Publicity photo via Bandcamp

Gabriel Kahane’s ‘Book of Travelers’ Offers Glimpses of the American Psyche After the Trump Election

Gabriel Kahane creates a musical travelogue that seeks to capture the fractured and fragmented psyche of America following the 2016 election.

Book of Travelers
Gabriel Kahane
24 August 2018

Gabriel Kahane set off on a cross-country train journey on November 9, 2016, the day after Donald Trump won the Electoral College vote for President of the United States. He’d been planning the trip for some time previous, seeking inspiration for a follow-up project to his 2016 collaboration with the Brooklyn Rider string quartet The Fiction Issue. Leaving his cell phone and other electronically connected devices behind, the travelogue turned into something very different from his initial intentions, as everyone he met along the way was in some way affected by the election, infected by the lingering, poisonous anxieties it both produced and revealed. The resultant work was first presented as 8980: Book of Travelers at the 2017 Brooklyn BAM Fest. Now, Nonesuch presents a condensed, studio-recorded version of the work, Book of Travelers.

Kahane traveled 8,980 miles on connecting trains, engaging in conversations with countless strangers in dining cars, passengers of every stripe compassing the breadth of the American social and political spectrum. Those conversations serve as the inspiration for the ten songs collected on Book of Travelers, some presenting composites, others focusing upon a particularly memorable individual and conversation.

The train has served as both myth and metaphor since its first tracks were laid in the British coal mining regions at the start of the 19th century. Wordsworth heard in its thrashing roar the birth of a new machine age and, like Thoreau in America, shuddered at the rape of the landscape. Whitman, conversely, saw the locomotive’s penetration into the American West as sensual, its phallic power a source of praise. By the early 20th century, the locomotive was symbolic of progress and transportability, opening new vistas and opportunities to common people. Johnny Cash heard in that mechanized heartbeat the promise of a better life and the backbeat of a new musical form. But Steve Reich reminded us, in his masterwork Different Trains, that this great invention, like any powerful technology, can, in the wrong hands, be harnessed as an efficient tool of evil.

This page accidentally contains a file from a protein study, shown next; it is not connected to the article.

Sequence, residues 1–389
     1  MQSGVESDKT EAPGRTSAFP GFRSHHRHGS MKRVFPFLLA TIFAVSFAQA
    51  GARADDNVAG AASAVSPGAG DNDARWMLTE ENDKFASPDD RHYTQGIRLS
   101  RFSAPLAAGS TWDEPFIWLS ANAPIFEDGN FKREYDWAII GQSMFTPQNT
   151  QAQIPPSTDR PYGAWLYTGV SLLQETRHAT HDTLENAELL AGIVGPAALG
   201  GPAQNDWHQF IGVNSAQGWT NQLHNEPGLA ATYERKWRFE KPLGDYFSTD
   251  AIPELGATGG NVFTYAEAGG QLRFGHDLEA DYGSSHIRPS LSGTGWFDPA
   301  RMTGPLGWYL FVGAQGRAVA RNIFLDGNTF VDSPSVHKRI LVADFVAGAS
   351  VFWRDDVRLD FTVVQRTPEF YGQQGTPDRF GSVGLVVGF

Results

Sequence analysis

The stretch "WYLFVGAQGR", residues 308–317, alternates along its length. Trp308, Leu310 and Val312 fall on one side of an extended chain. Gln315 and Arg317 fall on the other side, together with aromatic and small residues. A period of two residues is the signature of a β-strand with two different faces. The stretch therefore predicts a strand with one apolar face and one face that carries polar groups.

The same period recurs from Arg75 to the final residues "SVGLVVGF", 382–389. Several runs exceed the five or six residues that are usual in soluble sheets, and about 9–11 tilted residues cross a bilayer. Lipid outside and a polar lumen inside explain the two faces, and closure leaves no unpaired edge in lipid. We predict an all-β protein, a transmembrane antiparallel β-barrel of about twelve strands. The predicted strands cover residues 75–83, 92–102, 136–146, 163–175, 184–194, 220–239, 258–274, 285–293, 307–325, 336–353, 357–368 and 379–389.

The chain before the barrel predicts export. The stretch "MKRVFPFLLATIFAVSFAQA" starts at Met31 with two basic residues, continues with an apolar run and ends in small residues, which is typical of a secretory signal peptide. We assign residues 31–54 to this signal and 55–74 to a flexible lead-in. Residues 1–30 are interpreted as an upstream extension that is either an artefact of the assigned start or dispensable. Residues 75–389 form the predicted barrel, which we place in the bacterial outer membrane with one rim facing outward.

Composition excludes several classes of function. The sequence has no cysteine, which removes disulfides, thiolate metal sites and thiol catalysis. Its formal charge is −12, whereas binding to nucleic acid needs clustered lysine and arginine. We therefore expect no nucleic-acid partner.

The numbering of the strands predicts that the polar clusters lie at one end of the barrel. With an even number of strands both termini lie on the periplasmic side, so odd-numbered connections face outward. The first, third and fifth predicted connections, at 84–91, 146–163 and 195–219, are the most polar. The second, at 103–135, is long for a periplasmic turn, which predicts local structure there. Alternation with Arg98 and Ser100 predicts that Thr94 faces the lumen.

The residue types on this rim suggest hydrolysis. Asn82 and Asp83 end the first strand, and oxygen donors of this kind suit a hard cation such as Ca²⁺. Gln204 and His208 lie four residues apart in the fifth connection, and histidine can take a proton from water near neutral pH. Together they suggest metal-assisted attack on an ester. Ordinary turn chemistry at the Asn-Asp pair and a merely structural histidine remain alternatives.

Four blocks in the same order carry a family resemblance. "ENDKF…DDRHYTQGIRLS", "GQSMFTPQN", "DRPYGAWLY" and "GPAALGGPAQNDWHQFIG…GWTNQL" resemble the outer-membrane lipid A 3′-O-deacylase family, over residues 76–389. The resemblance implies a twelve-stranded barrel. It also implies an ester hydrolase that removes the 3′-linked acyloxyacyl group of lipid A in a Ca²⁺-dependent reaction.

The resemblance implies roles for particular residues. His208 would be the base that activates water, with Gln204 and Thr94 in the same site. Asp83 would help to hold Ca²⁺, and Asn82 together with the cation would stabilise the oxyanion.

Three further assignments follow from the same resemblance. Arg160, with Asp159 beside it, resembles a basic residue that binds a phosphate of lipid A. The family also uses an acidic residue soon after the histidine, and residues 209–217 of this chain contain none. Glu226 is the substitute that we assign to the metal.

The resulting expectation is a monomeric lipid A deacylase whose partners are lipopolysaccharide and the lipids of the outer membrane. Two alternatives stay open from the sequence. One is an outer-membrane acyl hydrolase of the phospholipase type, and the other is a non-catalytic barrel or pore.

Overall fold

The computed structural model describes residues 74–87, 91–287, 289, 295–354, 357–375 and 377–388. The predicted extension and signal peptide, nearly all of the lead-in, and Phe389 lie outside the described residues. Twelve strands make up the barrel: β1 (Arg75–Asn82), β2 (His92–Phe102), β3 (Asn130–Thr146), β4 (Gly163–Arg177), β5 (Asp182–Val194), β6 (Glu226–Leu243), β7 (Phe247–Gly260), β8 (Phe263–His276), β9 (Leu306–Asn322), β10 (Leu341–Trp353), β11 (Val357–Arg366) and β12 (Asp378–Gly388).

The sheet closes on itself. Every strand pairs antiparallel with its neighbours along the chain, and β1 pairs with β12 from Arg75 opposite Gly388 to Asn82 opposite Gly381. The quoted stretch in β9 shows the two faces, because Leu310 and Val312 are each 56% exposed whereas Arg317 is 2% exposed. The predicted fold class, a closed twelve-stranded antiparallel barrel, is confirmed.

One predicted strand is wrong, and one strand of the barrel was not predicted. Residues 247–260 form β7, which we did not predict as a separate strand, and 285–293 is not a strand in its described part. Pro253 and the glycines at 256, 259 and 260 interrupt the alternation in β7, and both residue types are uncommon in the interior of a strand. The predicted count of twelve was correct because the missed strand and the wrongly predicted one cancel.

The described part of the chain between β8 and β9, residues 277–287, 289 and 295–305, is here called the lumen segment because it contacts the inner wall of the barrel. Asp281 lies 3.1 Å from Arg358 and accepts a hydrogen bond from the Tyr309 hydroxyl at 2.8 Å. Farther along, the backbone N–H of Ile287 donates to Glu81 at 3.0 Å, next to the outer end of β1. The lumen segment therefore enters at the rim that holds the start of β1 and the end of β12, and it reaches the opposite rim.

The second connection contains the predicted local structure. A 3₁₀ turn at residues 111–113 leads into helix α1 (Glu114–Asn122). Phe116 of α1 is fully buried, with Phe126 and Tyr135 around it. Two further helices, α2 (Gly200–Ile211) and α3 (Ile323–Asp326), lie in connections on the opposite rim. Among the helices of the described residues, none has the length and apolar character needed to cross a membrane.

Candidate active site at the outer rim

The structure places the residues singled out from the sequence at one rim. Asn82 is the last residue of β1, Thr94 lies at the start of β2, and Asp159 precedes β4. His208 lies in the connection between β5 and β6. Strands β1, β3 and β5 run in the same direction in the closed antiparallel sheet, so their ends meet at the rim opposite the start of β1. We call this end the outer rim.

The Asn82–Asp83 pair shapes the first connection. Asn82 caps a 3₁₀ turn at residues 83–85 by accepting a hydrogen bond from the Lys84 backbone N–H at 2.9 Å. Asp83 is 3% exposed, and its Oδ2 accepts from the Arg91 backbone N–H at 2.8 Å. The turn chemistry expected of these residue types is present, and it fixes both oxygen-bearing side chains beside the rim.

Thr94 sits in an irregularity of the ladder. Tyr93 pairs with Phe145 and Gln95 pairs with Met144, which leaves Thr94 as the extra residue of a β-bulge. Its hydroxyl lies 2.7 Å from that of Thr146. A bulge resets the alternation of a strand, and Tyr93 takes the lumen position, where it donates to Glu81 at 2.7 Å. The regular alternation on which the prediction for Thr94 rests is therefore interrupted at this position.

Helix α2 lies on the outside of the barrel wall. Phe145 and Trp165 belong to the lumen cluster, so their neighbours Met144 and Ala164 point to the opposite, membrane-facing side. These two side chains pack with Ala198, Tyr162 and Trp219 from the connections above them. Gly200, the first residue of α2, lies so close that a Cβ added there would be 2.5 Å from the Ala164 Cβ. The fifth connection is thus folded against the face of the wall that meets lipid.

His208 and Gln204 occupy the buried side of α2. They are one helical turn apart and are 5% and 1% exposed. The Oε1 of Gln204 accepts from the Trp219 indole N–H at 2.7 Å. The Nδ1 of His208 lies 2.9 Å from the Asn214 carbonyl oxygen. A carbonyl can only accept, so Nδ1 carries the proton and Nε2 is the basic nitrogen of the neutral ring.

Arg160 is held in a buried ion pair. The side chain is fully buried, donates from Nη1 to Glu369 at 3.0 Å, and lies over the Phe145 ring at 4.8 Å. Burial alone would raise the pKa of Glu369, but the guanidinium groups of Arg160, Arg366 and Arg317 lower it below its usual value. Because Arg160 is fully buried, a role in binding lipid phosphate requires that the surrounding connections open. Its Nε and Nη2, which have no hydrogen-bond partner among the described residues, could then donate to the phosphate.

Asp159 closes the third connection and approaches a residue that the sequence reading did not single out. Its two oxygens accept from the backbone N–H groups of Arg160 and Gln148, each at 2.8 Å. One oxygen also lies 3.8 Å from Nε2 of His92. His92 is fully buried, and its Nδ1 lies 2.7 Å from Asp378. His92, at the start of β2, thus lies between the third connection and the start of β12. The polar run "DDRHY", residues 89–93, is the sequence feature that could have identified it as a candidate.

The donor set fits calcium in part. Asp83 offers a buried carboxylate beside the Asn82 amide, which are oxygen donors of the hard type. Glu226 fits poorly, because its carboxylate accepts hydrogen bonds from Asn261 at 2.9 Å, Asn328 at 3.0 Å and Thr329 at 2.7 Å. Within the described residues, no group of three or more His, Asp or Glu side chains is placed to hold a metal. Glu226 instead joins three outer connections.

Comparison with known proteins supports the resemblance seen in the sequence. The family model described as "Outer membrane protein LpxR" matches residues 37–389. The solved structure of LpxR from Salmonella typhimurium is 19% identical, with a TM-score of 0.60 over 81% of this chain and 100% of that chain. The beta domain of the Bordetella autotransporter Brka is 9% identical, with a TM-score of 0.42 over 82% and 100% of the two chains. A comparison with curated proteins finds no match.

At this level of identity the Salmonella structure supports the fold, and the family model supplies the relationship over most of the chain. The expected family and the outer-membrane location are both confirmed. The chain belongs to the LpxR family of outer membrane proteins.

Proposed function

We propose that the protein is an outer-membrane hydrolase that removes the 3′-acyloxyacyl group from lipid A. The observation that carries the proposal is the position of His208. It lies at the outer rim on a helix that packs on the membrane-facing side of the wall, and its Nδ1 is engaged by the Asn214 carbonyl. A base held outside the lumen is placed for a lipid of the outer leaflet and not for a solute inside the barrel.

It is impossible to listen to Kahane’s Book of Travelers without referencing Reich’s Different Trains, and not simply because both use the train as an organizing principle. Both, as well, present other, found or encountered voices to present their narratives. Reich’s collection of tape loops serve to create a singular narrative of catastrophe, reminding us of the efficient and mechanized slaughter of millions. Kahane’s collection of observations is less cohesive though effective in creating a pastiche sense of the country’s mood in the aftermath of an election that many saw as catastrophic.

In contrast to the expansiveness that Brooklyn Rider brought to The Fiction Issue, Kahane presents these songs in their sparsest form, with just his voice and piano accompaniment, and it is his voice that moves these songs forward more often than the piano, which provides nuance and texture to the stories he tells. “8980” references the miles Kahane traveled and the purpose of his journey with its chorus of “I just want to talk to you”. “What If I Told You” offers one of the collection’s most singular narratives, telling the story of an African American woman, the great-granddaughter of a Mississippi slave, returning to that state for a family funeral and taking the train at the advice of her sons because, despite her life’s successes and self-efficacy, they all agree that her driving alone would be too dangerous “‘Cause they don’t need a hood or a cross or a tree.”

Kahane echoes Reich’s previous work with “October 1, 1939 / Port of Hamburg”, a song that tells the story of its narrator’s grandmother’s journey by train out of Germany. She reads her grandmother’s diary on “a different train” and tells of how her great-grandfather and others did not make it out alive because they “Couldn’t quite believe / What ought to’ve been plain to see / ‘Til the broken glass was at their feet.” It’s a stunning piece and an apt warning against refusing to learn from history.

Book of Travelers offers intriguing glimmers into the psyche of America in the immediate aftermath of the 2016 presidential election. An engaging, sometimes stunning collection of songs, in the end, it serves as a worrisome prologue to what is still unfolding.

RATING 7 / 10